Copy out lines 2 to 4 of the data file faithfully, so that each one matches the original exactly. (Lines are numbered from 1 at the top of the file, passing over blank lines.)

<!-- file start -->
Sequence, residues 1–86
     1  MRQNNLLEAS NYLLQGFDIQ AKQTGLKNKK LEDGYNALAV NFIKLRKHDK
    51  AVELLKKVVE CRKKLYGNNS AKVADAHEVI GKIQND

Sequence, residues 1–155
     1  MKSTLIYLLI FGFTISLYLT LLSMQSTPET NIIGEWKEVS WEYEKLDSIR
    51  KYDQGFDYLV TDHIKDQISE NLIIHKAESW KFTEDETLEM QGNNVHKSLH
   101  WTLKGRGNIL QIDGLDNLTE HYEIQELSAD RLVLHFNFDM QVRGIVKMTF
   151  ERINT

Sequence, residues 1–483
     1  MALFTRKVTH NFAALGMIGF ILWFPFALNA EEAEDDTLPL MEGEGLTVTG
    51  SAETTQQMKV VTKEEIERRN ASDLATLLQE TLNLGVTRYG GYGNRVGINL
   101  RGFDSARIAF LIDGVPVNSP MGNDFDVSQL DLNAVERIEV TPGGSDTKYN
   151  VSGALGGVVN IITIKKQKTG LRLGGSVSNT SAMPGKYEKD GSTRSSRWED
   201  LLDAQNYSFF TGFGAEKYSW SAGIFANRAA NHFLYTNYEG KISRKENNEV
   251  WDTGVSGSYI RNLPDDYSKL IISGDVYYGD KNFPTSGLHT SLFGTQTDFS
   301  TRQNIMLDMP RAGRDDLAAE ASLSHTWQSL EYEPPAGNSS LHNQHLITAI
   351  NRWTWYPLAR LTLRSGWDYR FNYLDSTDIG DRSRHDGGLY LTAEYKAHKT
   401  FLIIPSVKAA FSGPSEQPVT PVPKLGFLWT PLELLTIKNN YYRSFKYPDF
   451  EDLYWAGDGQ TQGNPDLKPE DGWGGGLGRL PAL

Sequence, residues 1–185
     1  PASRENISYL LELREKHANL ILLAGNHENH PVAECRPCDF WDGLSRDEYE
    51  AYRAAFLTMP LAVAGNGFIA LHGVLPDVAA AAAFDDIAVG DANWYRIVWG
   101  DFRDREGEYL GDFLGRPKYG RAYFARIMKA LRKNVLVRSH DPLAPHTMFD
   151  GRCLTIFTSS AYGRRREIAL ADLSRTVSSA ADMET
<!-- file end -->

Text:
     1  MRQNNLLEAS NYLLQGFDIQ AKQTGLKNKK LEDGYNALAV NFIKLRKHDK
    51  AVELLKKVVE CRKKLYGNNS AKVADAHEVI GKIQND

Sequence, residues 1–155